A look at budgetary allocations for the period between the financial years 2010/2011 and 2018/2019 shows that between them, State House and the Office of the President got at least Shs2.2 trillion, about half of the Shs4.4 trillion, which on average, was spent on the education sector in the same period.
During the said period, State House got Shs1.7 trillion and the Office of the President Shs447.8b.
The two institutions have also been major beneficiaries from the Shs5.7 trillion issued in supplementary budgets between the financial year 2014/2015 and last financial year, triggering public furor.
One of the biggest criticisms against the expenditure of both State House and the Office of the President is the provision for classified expenditure budgets. Critics believe that such budgets should ideally reside with the ministries of Defense and Internal Affairs. The ministries have theirs, and the President’s Office and State House have theirs separately.
For example, Shs3.5 trillion, or 65 per cent of the Ministry of Defense’s 2019/2020 budget, is classified expenditure. Then another Shs4.9b is provided for the same purpose under the Office of the President, and another Shs68.11b under State House.
Col Shaban Bantariza, the deputy director of the government-run Uganda Media Centre, argues that those raising the matter do so out of ignorance.
“Those who are saying so don’t understand what classified expenditure is for. It is for the acquisition of assets that protect the State and other State security areas. State House is security area number one, that is why the President is not protected by an ordinary force,” Col Bantariza says.
The need to avail Shs47b for donations was one of the reasons for which State House tabled a request for supplementary funding to the tune of Shs138.2b in April 2013. That sent the total budget for presidential donations beyond Shs53.7b in the financial year 2013/2014.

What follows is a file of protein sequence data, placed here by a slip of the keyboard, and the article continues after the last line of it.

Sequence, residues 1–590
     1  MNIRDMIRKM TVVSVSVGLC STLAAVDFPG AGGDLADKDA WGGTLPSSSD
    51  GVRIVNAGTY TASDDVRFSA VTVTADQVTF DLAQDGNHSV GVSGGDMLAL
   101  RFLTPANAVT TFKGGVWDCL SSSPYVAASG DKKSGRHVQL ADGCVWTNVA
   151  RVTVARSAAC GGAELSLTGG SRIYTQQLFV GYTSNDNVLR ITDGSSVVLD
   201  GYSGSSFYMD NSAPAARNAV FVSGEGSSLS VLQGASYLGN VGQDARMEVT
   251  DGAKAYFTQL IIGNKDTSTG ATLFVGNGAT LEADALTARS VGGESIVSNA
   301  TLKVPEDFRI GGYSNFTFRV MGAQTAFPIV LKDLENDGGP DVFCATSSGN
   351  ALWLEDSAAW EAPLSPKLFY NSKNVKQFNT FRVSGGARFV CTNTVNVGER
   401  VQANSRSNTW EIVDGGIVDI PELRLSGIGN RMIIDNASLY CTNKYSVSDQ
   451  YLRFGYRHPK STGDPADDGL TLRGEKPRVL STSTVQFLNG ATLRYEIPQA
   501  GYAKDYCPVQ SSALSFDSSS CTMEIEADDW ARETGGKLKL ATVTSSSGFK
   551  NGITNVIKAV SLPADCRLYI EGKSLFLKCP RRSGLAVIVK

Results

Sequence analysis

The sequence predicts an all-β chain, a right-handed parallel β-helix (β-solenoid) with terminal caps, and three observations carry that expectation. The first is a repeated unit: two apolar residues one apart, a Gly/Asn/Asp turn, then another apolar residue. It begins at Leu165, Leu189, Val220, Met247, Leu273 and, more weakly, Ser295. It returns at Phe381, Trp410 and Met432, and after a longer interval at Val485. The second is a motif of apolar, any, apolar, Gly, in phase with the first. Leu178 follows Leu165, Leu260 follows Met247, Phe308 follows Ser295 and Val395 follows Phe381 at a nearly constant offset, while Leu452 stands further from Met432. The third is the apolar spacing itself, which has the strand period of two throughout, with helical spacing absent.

Back then, Ms Nakyobe, defended the items, saying the money is spent on, among other things, medical treatment abroad for government officials and purchase of cars for religious and cultural leaders.
Demands for extra funding have been on the rise. It, for example, stood at 4 per cent of the budget in the Financial Year 2008/2009, rose to 7.2 per cent of the budget in the Financial Year 2009/2010 and 27.7 per cent in the Financial Year 2010/2011.
State House and the Office of the President nearly always need supplementary funding. We already cited the request for supplementary funding for President Museveni’s ongoing countrywide tour.
In March 2010, Shs12b out of the Shs456b that was requested as supplementary funding went to State House and the Office of the President. In the financial year 2011/2012, State House tabled three requests totaling Shs121.8b. In 2012/2013, State House tabled two requests for additional funds, starting with Shs58.5b and then asking for hs129 six months later. The State House budget increased by 38 per cent as a result of those requests.
Total expenditure on State House that year shot up to then an unprecedented Shs204.4b.